TMZ is reporting that Charles Manson is in a Bakersfield, California hospital and is not expected to leave alive.
“It’s not going to get any better for him,” the source told the celebrity news site. The source also described Manson as “ashen” and lying still while covered in blankets.
“It’s just a matter of time,” the source said.
Vicky Waters, a spokeswoman for the California Department of Corrections and Rehabilitation, told the LA Times that Manson is still alive, but she did not comment on the severity of his condition.
However, an unnamed source familiar with the situation suggested that Manson’s condition was deteriorating.
The notorious mass murderer, serving several life sentences in Corcoran State Prison in California, also was hospitalized in January.
Since arriving at the Bakersfield facility, Manson’s been wheeled around the hospital on a gurney for treatments guarded by five cops, TMZ.com said.
We’re told Manson was rushed to a Bakersfield hospital 3 days ago, and has been wheeled around on a gurney for various treatments … escorted by 5 uniformed cops.
We’re told the 83-year-old Manson, who lays still covered in blankets, looks ashen.
Our sources say Manson’s health has been steadily deteriorating and, as it was put to us, “It’s just a matter of time.”
Manson had serious health issues back in January as well, when he was hospitalized for severe intestinal bleeding and needed surgery to repair a lesion … but was deemed too weak by doctors and sent back to prison.
Manson shocked the world on Aug. 9, 1969, when he directed his protégé Charles (Tex) Watson to take three female members of his cult, known as the Manson Family, to a posh house above Sunset Blvd. and slaughter everyone there.
The Manson Family members butchered movie director Roman Polanski’s pregnant wife, actress Sharon Tate, along with celebrity hairstylist Jay Sebring, coffee heiress Abigail Folger, writer Wojciech Frykowski and visiting teen Steven Parent.
The next night, Manson joined the same four followers along with two others as they broke into the home of supermarket executive Leno LaBianca and his wife, Rosemary.
Manson wanted to show the group the correct way to execute and ordered the LaBiancas bound with lamp cords and their heads covered by pillowcases before the savage stabbing started.
In 1971, Los Angeles prosecutor Vincent Bugliosi used his “Helter Skelter” theory to successfully convict Manson and several of his female compatriots of seven murders: the Tate-LaBianca killings that shocked America and the world (the victims included heavily-pregnant movie star Sharon Tate).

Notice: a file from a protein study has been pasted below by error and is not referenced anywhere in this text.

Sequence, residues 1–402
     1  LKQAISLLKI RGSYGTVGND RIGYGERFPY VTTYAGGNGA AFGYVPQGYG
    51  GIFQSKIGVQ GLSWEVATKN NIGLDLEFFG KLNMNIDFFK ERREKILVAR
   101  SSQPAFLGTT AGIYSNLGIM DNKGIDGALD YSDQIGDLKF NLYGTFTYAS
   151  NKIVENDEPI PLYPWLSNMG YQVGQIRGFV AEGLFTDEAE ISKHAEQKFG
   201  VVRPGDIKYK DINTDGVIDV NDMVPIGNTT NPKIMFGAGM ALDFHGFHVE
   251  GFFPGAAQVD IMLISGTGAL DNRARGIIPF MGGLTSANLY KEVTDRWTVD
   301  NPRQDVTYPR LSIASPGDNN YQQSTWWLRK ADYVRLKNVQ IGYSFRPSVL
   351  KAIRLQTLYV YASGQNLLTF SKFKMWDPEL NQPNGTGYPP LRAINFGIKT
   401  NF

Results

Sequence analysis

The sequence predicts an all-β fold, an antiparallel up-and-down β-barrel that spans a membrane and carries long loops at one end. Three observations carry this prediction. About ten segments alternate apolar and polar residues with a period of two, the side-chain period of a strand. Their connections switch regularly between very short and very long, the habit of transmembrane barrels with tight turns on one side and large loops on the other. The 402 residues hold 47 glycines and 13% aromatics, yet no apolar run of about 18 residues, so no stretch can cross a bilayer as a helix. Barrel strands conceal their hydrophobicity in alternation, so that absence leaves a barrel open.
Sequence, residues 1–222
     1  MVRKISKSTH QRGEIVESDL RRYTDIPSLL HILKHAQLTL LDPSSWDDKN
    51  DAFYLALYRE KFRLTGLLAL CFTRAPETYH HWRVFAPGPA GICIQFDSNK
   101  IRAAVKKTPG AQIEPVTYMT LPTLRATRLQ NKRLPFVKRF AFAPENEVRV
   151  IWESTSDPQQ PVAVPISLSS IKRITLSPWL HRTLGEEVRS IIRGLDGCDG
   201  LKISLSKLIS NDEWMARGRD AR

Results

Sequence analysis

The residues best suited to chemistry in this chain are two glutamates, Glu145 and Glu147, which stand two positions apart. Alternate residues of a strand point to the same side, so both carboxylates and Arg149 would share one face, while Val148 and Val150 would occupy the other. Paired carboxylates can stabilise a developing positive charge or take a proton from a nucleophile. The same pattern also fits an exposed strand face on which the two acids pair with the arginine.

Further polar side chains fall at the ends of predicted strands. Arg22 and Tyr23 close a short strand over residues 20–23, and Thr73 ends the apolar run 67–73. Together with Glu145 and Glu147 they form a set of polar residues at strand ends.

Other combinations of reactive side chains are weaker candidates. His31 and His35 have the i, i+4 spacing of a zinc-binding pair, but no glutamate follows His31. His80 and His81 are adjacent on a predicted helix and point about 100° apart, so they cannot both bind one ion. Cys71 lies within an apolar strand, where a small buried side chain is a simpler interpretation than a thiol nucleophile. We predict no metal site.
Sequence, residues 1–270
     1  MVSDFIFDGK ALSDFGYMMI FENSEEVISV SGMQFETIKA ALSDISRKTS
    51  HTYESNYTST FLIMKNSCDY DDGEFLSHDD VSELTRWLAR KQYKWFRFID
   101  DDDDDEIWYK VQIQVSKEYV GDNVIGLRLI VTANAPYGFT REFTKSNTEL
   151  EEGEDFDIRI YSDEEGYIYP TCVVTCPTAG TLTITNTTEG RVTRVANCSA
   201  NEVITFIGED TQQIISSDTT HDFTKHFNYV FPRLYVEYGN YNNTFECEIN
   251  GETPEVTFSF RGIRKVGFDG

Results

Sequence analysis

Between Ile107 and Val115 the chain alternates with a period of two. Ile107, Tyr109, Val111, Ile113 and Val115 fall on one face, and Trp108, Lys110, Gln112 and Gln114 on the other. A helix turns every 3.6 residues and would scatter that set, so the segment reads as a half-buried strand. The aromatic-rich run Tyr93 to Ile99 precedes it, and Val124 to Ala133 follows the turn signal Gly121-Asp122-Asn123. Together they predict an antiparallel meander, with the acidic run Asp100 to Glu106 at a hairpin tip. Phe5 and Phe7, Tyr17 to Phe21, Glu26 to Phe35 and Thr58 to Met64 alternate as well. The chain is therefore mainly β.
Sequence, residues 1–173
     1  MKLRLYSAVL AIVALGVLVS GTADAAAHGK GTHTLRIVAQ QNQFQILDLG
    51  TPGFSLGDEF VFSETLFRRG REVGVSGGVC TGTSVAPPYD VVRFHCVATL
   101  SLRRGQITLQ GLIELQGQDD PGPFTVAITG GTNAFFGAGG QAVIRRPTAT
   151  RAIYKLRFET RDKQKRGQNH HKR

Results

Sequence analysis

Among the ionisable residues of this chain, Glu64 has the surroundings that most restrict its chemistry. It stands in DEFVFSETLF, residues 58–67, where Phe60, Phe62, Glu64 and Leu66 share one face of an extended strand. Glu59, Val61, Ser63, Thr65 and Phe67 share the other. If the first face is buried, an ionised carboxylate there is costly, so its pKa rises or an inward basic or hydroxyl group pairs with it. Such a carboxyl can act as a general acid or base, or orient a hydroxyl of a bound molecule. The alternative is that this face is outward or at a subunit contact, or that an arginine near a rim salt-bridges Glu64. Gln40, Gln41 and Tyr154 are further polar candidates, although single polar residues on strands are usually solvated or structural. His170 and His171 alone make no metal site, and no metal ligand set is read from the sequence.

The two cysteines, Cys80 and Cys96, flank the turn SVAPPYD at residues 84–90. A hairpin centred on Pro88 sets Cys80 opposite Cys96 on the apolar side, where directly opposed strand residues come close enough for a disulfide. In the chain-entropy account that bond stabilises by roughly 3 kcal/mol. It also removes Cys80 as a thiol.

Manson was subsequently convicted of two other murders: Donald “Shorty” Shea, a hand at the Spahn Ranch where Manson and his cronies and female groupies congregated, who Charlie may have believed snitched on him to the police after the Tate-LaBianca murders; and the earlier murder of music teacher and small-time drug dealer Gary Hinman by Bobby Beausoleil.
Although Manson never did any of the actual killing, under the rules of accomplice liability, he was deemed as responsible for the killings as the actual perpetrators who caused the deaths of the nine people.
Condemned to death upon conviction, his sentence was commuted to life imprisonment by the State of California after a 1972 Supreme Court decision struck down extant death penalties in the various states. It is highly unlikely that Manson will ever be paroled.
During his four decades of incarceration, Manson has been anything but a model prisoner. Among other things, he has been cited for assault, repeated possession of a weapon, threatening staff and possessing a cell phone.
Charles Manson was born Charles Milles Maddox on November 12, 1934, in Cincinnati, Ohio, to Kathleen Maddox, a 16-year-old girl who was both an alcoholic and prostitute. Kathleen later married William Manson, but the marriage ended quickly and Charles was placed in a boys school. Although the boy ran back to his mother, she didn’t want to have anything to do with him.
Charles was soon living on the streets and getting by through petty crime.
Still just a teenager, in 1951 Manson began spending time in prison. Early on, before he discovered the benefits of being a “model prisoner,” he was considered dangerous. He would eventually spend half of the first 32 years of his life behind bars.
Good riddance. He has never shown remorse. He should have been put to death decades ago, instead, the taxpayers have supported his butt for all these years.
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